Three Excerpts from Quantum Entity Trilogy

By Bruce Firestone | Uncategorized

Aug 16

How Micro-Farmers Could
Potentially Transform Rural Area

[Excerpt from Quantum Entity | we
are all ONE
By Bruce M Firestone

All rights reserved http://www.brucemfirestone.com/quantum-entity/]

 

In this part of the trilogy (circa 2047), engineer
and physicist Damien Graham Bell is onboard California-based performance artist
Miss Nell’s private plane on their way to a mysterious place in Four Corners
called Third Mesa.
He tells her a story about how micro-famers could potentially transform rural
areas by pooling lands and tools much as Russian dachniks did for many years
after the Bolshevik revolution of 1919. Damien references attempts to get such
things off the ground in his native Ontario.
It is only a matter of time before old regulatory regimes change to allow this
form of rural development in Damien’s opinion so that land can be used to their
highest and best use.

“Hmm,”
purrs a happier Nell, “Got any other stories?”

Damien
has a million of them. “OK, one more, and then you have to sleep. And I need to
get some sleep too.

“This
is another Russian story,” Damien says.

“Do you
only know Russian tales?”

“Give
me a break, Nell. I’m into Russian fables just now.

“Actually,”
Damien turns to look more closely at Nell’s face, now resting companionably on
his shoulder. “Come to think of it, you do kinda remind me of Margarita from The
Master and Margarita
, by Mikhail Bulgakov, a beautiful novel banned in
Soviet Russia for many years. You look a lot like I visualized her and as
Bulgakov described his heroine. She was gutsy like you too.”

“How do
you know I’m gutsy?” asks Nell, always interested in talking about herself.

Damien
isn’t sure how he should answer her. He had Pet3r do a complete workup on Nell,
and he read it furtively on his iPhone 40 whenever Nell was busy talking to
someone else like her pilots or the big silent guy, Dekka. That’s how he knows
a lot more about her than she does about him.

“You
didn’t tell Ms. Weinstein about us, and she’s pretty scary, Nell,” is all he
says.

“I need
Dafne—it’s a tough old world, Damien.”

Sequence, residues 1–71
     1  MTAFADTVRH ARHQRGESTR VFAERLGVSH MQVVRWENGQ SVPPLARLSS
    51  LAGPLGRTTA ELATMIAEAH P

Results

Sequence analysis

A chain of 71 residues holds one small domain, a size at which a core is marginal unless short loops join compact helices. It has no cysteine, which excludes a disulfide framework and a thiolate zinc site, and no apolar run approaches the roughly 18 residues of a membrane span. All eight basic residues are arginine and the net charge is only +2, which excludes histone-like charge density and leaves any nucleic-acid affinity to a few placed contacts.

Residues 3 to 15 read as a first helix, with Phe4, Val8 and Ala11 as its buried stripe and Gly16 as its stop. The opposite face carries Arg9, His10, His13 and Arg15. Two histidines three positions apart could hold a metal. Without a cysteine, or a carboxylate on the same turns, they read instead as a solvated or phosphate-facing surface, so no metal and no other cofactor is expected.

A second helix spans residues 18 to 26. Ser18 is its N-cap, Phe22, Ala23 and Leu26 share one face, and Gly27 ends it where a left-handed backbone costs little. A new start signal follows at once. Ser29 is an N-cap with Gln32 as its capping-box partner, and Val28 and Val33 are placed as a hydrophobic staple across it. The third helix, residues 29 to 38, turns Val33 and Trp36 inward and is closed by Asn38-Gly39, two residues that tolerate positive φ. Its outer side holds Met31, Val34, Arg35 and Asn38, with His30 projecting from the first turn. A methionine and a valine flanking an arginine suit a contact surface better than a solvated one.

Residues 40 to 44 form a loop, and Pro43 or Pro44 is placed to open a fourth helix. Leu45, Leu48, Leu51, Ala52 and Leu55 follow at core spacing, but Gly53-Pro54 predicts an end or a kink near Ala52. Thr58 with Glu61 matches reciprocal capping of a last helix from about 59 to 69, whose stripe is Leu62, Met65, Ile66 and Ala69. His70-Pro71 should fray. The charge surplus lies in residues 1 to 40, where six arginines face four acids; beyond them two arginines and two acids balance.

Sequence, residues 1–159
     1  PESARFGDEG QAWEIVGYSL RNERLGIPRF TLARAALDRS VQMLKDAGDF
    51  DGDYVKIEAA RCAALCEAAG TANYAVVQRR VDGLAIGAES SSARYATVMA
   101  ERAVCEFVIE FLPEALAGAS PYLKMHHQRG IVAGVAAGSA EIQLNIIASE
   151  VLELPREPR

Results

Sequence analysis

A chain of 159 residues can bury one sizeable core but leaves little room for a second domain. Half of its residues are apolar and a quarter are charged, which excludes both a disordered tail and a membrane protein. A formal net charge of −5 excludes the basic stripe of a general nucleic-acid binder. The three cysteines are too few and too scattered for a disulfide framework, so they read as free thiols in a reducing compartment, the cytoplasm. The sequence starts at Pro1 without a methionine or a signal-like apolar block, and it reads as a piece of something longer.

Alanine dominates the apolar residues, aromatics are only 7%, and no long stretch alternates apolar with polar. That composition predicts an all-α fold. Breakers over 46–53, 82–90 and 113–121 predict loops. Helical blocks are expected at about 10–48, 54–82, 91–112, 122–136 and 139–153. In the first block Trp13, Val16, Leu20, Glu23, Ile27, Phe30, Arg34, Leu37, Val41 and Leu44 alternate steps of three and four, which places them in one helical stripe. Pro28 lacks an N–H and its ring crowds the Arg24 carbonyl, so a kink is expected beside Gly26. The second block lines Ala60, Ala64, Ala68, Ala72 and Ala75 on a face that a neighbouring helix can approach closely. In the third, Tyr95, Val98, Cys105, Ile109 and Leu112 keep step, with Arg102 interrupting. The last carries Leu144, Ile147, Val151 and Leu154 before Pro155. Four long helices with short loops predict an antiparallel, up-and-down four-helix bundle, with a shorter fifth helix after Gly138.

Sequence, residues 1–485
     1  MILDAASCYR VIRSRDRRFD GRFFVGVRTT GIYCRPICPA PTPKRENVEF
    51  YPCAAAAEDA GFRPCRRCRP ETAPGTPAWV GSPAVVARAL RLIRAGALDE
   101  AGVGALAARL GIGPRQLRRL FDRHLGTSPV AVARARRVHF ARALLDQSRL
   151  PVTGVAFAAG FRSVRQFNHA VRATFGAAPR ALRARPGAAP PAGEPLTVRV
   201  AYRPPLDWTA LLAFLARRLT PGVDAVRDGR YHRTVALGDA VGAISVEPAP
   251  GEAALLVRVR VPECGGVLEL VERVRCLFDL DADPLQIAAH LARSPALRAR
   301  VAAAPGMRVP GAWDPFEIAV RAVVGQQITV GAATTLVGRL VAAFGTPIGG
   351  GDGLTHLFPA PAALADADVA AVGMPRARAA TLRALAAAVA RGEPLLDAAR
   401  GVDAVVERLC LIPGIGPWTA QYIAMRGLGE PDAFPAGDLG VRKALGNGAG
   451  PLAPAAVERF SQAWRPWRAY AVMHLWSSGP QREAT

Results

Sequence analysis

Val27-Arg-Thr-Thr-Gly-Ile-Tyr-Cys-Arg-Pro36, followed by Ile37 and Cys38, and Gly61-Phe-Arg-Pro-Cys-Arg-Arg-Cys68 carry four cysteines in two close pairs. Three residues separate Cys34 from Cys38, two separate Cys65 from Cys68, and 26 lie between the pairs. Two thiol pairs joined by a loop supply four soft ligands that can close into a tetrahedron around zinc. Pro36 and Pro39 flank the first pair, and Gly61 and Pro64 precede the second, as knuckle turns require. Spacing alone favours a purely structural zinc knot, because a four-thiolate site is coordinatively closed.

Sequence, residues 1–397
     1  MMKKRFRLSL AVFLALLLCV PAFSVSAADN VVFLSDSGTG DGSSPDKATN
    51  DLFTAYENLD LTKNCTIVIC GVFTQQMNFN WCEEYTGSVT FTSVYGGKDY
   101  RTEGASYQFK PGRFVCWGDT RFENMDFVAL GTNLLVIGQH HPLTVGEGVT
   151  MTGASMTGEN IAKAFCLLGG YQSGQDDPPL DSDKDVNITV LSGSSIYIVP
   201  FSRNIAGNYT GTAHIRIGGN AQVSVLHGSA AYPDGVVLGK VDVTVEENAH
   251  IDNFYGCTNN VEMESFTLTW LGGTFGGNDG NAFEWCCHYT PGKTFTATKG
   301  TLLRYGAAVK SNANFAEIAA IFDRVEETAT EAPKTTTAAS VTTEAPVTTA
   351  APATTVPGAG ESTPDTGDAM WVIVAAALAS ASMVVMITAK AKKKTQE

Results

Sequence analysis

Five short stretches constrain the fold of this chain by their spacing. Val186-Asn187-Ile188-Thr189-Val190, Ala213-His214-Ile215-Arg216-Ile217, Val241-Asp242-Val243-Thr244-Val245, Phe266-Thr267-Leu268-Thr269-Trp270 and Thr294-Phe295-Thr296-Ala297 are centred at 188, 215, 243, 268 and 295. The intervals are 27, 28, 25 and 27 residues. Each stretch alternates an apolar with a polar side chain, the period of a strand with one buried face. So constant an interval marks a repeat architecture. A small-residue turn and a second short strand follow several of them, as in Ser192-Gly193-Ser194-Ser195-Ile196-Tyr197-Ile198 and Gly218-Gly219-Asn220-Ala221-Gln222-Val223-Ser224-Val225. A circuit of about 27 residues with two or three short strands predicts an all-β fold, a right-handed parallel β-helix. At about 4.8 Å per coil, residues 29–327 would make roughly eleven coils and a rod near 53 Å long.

“Right!
Anyway, Margarita is a witch—or rather, she is turned into one by the devil and
his entourage, who are temporarily visiting Moscow. But she is a good one,” Damien hastens
to add, knowing that Nell is sensitive to criticism like most stars are.

“I’ll
tell you Margarita’s story another day. Now I am going to tell you about a
group of people called Dachniks, who saved Mother Russia during the Communist
interregnum.”

“‘Interregnum’,
that’s a great word,” says Nell.

“The
Russian dacha and the Dachnik Movement,”
Damien begins, “have been around for more than a 100 years. The dacha is
typically a one-room cottage perched on one hectare of land that’s large enough
to grow fruits and vegetables on to support a single family via intense, mostly
manual labour.”

“How
big is a hectare?” Nell asks. She’s interested in real estate; she owns a bunch,
so she wants to know.

“It’s a
metric measure of area that’s about 2.47 acres, which is—”

“I know
what an acre is, Damien.”

“OK, alright.
So there were 35 million dachniks,
which is another word for gardener. During 80 years of Communist rule, they
produced more than half of that nation’s agricultural output. The productivity
of their land was far higher than the industrial farms organized as massive
collectives under Josef Stalin. The Dachnik Movement is a model of sustainable
agriculture—localized, mostly organic, and built on an economic model of social
norms rather than market norms.”

“What’s
that mean?” Nell asks, now mostly just to encourage him to get on with it.

“Social
norms in this context means that dachniks helped each other or traded with each
other without money. Maybe they got the concept from the Bantu, a South African
tribe. The word they use is ubuntu,
which means ‘Today I share with you because tomorrow you share with me.’

“An archbishop—I
think his name was Tutu—helped unify South Africa using this as a
rallying point for all races living there. Wherever they got it from, it was a
good thing for the Ruskies since, under Communist rule although there was no
shortage of rubles, there was nothing to buy with them.”

“You
mean they had money that no one trusted?” Nell is sharp when it comes to money.
She always insists that she be part—the most important part—of the decision
tree when it’s time to determine where to invest her money. She remembers what
it was like to be poor and is surprisingly conservative in her outlook on
spending and investment, except when it comes to spending money on herself.

“Exactly.
They had rubles but there was nothing to buy in Russian stores. You had to have
hard currency, mainly the old U.S.
dollar, to actually buy anything worthwhile.”

“So how
did ordinary Russian people get by?” Nell asks.

“They
used queuing to ration everything. Russians would see people lining up outside
a store in, say, St. Petersburg,
and they would just join the lineup without knowing what there might be to buy,
but working on the assumption that there must be something. It’s kinda like the
red paper clip guy in the early days of the Internet. He kept trading stuff